This starts early. Chores and household responsibilities start easy and grow as your child grows. At ages 2 to 3 start teaching your children numbers, counting and basic tasks like cleaning up after themselves, picking up their clothes, making their bed and other simple tasks. Start teaching them to count using coins. U.S. coins are well designed to teach the decimal system even though the sizes are not logical. Five pennies equals a nickel, ten equals a dime and 25 equals a quarter. Then let them “save” those coins. Open a savings account as described above. Set up a bank account and use some of the online resources mentioned above.

Let your children make “purchases” of things they want using their “savings.” This is also a great time to start teaching the fruit of the Spirit which includes patience or forbearance. Galatians 5:22. Make them wait before they can make a purchase. This is a great way to start training them how to avoid impulse buying. And no, buying on credit is not allowed, so they also learn to save for a goal. We will have more on patience in Part 5 of this series of articles in a few months. Please check back!

Work hard to help your children avoid the idea of expectancy. No, they should not wait for someone, not even the government and certainly not God, to hand them what they think they deserve.

2. Save early

Time and compound interest can create great wealth. Time is essential in reaching that result. See 8 Financial Moves for Millennials even if you aren’t a Millennial. It has a good illustration showing the power of compound interest. If you save $2,000 per year starting at age 19 and save for 20 years, while a friend saves $2,000 per year for 37 years but only started at age 29, you end up $120,000 ahead! That is the power of starting early!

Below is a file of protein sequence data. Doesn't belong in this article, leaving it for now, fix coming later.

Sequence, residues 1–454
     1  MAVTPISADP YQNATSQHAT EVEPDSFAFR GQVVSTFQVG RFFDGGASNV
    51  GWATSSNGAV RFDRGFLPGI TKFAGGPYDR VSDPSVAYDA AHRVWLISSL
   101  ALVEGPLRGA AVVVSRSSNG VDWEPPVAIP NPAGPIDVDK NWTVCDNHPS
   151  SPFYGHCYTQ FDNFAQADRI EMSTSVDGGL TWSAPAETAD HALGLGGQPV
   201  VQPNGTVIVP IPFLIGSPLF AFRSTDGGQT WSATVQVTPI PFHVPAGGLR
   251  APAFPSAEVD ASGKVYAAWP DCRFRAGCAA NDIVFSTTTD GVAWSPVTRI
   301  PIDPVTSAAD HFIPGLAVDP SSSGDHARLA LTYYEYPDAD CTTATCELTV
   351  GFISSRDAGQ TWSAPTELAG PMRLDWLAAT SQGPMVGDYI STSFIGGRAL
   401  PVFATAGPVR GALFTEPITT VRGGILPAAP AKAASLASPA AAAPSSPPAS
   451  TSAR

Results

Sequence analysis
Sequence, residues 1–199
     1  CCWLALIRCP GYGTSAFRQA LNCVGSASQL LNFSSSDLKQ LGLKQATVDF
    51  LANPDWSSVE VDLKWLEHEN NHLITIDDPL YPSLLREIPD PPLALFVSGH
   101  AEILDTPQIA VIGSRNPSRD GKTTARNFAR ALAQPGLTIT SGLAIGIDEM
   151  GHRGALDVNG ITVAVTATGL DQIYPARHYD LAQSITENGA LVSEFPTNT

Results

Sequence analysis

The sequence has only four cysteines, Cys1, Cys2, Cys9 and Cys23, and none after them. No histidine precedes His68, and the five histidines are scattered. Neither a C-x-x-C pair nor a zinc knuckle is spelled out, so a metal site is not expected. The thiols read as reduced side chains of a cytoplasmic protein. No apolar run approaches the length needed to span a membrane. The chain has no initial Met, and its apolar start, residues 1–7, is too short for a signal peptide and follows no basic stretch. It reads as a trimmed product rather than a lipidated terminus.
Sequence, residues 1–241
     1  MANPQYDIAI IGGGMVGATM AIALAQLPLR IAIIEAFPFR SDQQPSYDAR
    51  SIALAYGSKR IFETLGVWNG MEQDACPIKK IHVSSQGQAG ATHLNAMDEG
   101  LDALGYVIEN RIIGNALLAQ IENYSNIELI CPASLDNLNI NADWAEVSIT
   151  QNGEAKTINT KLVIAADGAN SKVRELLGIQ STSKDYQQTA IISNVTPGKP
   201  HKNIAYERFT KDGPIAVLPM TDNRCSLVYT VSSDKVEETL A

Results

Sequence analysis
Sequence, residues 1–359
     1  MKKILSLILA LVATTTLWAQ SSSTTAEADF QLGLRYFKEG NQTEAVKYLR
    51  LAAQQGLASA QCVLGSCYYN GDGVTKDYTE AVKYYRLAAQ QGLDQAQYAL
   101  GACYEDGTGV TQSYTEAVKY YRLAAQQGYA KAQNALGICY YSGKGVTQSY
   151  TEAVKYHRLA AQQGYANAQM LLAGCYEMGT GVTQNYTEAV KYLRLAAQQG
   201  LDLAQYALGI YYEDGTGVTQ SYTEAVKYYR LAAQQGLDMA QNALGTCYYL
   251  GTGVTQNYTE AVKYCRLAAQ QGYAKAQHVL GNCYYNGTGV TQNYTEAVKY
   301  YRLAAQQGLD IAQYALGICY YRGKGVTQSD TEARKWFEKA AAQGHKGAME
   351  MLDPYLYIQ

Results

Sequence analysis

Unfortunately, only 51% of Americans above the age of 60 believe they will have enough to retire comfortably, and 30% of Americans have saved absolutely nothing towards retirement, meaning they will live on Social Security and what they can earn even after they “retire.” In effect, they have spent their retirement already.

Saving offers real benefits, lasting benefits. Train your children to start saving and to keep saving. They should have a chance to see the benefits so they can get excited about saving. How? Instead of buying that special toy, make your child save for it and buy it with his own hard-earned money.

Continue training your children to save and be patient. If you have not opened a special account at a bank, maintain one in a clear glass jar, not a piggy bank. There the child can see the actual money add up. And you can be the banker, adding interest to the savings. Don’t just randomly put money in the jar or account, make it an official one-a-week or once-a-month activity where “interest” is paid. Start teaching the blessing of compound interest as soon as multiplication skills become a part of schooling.